Linking Life and, Um, Art
Long before jury instructions needed disclaimers about Law & Order or CSI ,movies and television were influencing how we behave, in big ways and small. Here's a look at some of popular culture's more persuasive moments, in no particular order.
The cranky alcoholic wine snob in the award-winning movie Sideways refuses to join a dinner if merlot is going to be served, tarnishing the red wine's image. Sales dip. His poetic praise of pinot noir, on the other hand, makes it a red-hot seller--and an embarrassment, too cliched to drink in public.
Law school applications hit record levels in 1991, just as L.A. Law, which glamorized the legal life, peaks in the ratings.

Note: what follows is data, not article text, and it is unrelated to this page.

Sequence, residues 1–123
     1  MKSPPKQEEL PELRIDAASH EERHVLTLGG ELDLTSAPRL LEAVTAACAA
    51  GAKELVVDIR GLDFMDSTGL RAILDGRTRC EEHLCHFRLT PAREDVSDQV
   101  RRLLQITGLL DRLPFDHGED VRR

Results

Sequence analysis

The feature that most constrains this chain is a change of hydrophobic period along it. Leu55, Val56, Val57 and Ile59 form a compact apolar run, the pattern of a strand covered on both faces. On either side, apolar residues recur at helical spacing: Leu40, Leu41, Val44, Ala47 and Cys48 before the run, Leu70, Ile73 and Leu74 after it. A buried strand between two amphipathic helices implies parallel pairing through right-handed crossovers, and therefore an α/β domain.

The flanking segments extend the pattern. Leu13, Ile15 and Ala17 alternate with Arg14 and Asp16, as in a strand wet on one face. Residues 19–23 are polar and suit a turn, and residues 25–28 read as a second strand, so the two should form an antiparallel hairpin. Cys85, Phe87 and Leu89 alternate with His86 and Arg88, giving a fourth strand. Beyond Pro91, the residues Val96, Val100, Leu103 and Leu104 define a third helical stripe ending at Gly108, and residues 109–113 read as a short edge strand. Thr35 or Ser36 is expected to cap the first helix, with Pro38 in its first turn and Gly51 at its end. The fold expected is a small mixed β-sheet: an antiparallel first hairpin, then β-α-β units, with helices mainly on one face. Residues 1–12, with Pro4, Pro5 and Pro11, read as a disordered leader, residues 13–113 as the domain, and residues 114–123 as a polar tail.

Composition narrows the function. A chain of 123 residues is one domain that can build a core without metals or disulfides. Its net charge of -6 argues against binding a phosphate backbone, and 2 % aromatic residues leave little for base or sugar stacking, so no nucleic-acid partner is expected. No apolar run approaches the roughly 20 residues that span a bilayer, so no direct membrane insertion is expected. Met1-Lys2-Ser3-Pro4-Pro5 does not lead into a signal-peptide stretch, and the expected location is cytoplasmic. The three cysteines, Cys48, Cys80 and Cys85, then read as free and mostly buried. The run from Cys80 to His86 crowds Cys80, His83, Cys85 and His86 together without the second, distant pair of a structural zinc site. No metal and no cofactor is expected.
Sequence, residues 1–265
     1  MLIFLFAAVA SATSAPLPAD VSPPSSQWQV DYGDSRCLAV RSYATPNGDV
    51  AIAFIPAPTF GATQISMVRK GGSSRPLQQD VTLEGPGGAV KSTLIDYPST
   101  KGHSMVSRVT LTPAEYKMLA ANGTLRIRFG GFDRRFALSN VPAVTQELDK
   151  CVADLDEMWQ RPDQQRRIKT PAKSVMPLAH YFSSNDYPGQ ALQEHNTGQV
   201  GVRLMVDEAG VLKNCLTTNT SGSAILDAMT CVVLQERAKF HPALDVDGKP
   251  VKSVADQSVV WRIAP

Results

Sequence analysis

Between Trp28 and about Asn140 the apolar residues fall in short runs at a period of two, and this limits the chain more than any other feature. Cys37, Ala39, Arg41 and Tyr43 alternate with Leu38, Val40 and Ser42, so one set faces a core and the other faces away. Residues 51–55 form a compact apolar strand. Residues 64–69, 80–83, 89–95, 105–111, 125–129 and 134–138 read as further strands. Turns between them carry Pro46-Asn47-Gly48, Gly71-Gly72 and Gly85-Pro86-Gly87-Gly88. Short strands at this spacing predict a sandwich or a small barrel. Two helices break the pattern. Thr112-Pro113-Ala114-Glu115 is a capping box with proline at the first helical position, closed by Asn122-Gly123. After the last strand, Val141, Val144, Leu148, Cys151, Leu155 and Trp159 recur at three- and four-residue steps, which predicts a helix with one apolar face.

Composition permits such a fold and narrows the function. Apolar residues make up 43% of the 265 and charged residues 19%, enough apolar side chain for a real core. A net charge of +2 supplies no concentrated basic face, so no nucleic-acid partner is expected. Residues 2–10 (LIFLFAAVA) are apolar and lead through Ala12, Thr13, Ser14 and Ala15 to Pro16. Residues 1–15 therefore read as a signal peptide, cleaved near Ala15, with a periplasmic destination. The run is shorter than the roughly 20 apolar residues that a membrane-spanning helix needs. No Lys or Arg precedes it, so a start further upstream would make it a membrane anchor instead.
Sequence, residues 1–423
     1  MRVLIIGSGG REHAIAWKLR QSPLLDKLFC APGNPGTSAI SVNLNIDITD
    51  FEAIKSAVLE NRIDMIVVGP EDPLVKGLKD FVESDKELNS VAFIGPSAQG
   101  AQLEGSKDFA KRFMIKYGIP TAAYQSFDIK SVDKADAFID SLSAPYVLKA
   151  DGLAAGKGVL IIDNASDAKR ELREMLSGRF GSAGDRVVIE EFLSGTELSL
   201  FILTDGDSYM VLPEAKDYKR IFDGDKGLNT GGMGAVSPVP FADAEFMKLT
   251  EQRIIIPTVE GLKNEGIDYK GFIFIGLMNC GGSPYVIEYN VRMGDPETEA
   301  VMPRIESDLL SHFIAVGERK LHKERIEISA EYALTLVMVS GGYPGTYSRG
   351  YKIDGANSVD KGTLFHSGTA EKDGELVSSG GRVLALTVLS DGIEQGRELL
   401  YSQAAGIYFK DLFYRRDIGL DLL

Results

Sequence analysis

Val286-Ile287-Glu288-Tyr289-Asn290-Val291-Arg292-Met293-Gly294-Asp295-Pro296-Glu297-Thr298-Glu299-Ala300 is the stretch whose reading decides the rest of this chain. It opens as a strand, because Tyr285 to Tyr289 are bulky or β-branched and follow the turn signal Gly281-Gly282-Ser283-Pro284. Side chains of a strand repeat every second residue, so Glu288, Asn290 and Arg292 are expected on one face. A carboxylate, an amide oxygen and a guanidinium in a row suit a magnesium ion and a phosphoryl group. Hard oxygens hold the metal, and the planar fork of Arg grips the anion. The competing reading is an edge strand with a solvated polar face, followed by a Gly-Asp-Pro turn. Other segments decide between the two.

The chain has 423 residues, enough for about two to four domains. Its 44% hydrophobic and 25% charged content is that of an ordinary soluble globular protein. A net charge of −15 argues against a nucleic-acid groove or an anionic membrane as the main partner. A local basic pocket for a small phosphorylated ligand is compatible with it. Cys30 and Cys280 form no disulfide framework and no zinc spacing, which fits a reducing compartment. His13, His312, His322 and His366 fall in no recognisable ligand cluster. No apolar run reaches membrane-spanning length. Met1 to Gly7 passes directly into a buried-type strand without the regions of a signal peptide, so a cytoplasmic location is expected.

Law school applications hit bottom in 1995, as attorneys Johnnie Cochran and Marcia Clark try the O. J. Simpson case on national TV.
Farrah Fawcett debuts on Charlie's Angels, and the national rush to the blow dryer nearly cripples the power grid. There won't be another hairstyle with such power until Jennifer Aniston christens the "Rachel" more than a decade later on Friends.
Charlize Theron zips through the movie The Italian Job in a Mini Cooper. BMW sells more than 30,000 of the little cars before The Italian Job comes out on DVD.
Happy Days ' hapless greaser, Arthur "the Fonz" Fonzarelli, gets a library card. Applications for library cards increase 500 percent across the country.
ER becomes one of the longest-running medical dramas on the air, and visits to emergency rooms start rising mysteriously at the end of each episode. Doctors are overheard saying: "No, you don't need a lidocaine drip. You saw that on TV."
This story appears in the April 25, 2005 print edition of U.S. News & World Report.